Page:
Ancient nuclear plastid DNA in the yew family (taxaceae).

Hsu CY, Wu CS, Chaw SM - Genome Biol Evol (2014)

Distribution of SNPs, indels, and SSRs in the plastomes of Taxus mairei. The outermost circle is the plastome map of T. mairei (AP014575) with genes that are transcribed counter-clockwise (outer boxes) and clockwise (inner boxes), respectively. The immediately next circle denotes a scale of 5-kb units beginning at psbA gene (the 3 o’clock position). In the gray zone, three histograms from outer to inner are 1) counts of SNPs, 2) counts of indels, and 3) total indel lengths within nonoverlapping 200-bp bins across the entire plastome. Triangles mark locations of SSRs.
© Copyright Policy - creative-commons
Related In: Results  -  Collection

License
Show All Figures
getmorefigures.php?uid=PMC4231637&req=5

evu165-F2: Distribution of SNPs, indels, and SSRs in the plastomes of Taxus mairei. The outermost circle is the plastome map of T. mairei (AP014575) with genes that are transcribed counter-clockwise (outer boxes) and clockwise (inner boxes), respectively. The immediately next circle denotes a scale of 5-kb units beginning at psbA gene (the 3 o’clock position). In the gray zone, three histograms from outer to inner are 1) counts of SNPs, 2) counts of indels, and 3) total indel lengths within nonoverlapping 200-bp bins across the entire plastome. Triangles mark locations of SSRs.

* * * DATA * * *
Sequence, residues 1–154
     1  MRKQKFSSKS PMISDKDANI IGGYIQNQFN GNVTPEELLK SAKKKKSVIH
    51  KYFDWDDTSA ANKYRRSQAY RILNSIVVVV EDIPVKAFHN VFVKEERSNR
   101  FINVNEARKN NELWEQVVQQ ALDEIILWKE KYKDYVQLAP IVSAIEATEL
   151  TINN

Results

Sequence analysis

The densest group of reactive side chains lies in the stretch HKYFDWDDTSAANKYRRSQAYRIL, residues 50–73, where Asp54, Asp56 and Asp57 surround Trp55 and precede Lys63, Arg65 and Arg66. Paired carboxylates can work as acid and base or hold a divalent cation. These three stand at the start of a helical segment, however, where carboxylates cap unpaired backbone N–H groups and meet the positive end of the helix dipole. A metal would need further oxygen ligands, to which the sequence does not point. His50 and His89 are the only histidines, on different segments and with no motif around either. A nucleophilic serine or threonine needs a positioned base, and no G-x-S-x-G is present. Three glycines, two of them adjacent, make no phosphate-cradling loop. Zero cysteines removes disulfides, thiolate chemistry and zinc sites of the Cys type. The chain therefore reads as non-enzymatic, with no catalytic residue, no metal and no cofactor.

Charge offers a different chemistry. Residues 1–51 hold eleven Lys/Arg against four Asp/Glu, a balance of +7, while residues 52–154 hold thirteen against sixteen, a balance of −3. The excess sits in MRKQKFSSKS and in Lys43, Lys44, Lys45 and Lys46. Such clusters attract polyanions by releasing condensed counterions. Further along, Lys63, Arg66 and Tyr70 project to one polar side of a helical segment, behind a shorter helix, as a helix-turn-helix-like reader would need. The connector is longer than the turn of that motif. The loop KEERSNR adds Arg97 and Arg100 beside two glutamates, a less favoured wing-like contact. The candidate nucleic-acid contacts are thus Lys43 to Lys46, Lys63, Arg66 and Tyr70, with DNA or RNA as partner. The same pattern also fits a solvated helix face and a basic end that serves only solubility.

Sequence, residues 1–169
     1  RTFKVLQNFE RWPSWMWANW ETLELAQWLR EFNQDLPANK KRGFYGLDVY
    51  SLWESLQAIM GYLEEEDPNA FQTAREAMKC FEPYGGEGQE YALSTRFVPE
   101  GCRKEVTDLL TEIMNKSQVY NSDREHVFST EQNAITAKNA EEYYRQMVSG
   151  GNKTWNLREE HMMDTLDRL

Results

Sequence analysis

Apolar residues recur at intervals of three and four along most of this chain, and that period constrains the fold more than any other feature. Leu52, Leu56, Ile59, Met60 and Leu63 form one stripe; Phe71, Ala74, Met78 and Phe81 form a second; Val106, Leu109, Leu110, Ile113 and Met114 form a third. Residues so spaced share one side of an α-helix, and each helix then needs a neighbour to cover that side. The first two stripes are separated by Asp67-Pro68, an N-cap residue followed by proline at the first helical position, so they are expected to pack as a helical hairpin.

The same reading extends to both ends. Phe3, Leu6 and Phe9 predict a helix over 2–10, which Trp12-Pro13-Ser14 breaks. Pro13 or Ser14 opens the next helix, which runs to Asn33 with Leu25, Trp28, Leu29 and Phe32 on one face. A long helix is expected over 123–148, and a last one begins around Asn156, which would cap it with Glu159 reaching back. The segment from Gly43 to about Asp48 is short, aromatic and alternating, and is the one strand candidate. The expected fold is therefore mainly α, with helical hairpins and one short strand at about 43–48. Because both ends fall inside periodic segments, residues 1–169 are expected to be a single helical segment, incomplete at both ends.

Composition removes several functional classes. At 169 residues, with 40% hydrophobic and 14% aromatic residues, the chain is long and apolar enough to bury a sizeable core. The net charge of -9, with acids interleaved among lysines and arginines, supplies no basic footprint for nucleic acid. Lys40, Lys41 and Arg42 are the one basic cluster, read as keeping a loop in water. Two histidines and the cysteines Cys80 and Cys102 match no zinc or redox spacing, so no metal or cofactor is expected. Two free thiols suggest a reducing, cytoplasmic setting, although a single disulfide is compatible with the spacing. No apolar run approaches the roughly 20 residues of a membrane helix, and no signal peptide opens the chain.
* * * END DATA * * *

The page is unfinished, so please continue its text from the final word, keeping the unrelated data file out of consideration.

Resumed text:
Mentions: We also performed a pairwise genome comparison between our T. mairei and voucher NN014 because the latter was designated as the reference sequence (RefSeq) in NCBI GenBank. We detected 858 SNPs and 218 indels. Supplementary figure S3, Supplementary Material online, shows that the intergenic spacers and coding regions contained nearly equal numbers of SNPs. Most of the indels were found in the intergenic spacers. We found 33 indels in the coding regions, but none caused frameshifts. Figure 2 illustrates the distribution of SNPs, indels, and SSRs in the plastome of our sampled T. mairei. Interestingly, the abundance of SSRs was positively correlated with that of SNPs (Pearson, r = 0.52, P < 0.01), with no correlation between SSRs and indels (Pearson, r = 0.02, P = 0.89). In legumes, the region that contains ycf4, psaI, accD, and rps16 was found to be hypermutable (Magee et al. 2010). In the plastome of T. mairei, three 200-bp bins that locate in the sequence of 5′clpP (position 55,001–55,200), that of 5′ycf1 (pos. 124,201–124,400), and the intergenic spacer between rrn16 and rrn23 (pos. 96,801–97,000) contained the highest sum of SNPs, indels, and SSRs (fig. 2). Therefore, these loci can be considered intraspecies mutational hotspots in T. mairei and can be potentially high-resolution DNA barcodes in the study of population genetics.Fig. 2.—

Bottom Line: These nupts have significantly accumulated GC-to-AT mutations, reflecting a nuclear mutational environment shaped by spontaneous deamination of 5-methylcytosin.These findings suggest that nupts can help recover scenarios of the nucleotide mutation process.We show that the Taxaceae nupts we retrieved may have been retained because the Cretaceous and they carry information of both ancestral genomic organization and nucleotide composition, which offer clues for understanding the plastome evolution in conifers.

View Article: PubMed Central - PubMed

Affiliation: Biodiversity Research Center, Academia Sinica, Taipei 11529, Taiwan Genome and Systems Biology Degree Program, National Taiwan University and Academia Sinica, Taipei 10617, Taiwan.

Show MeSH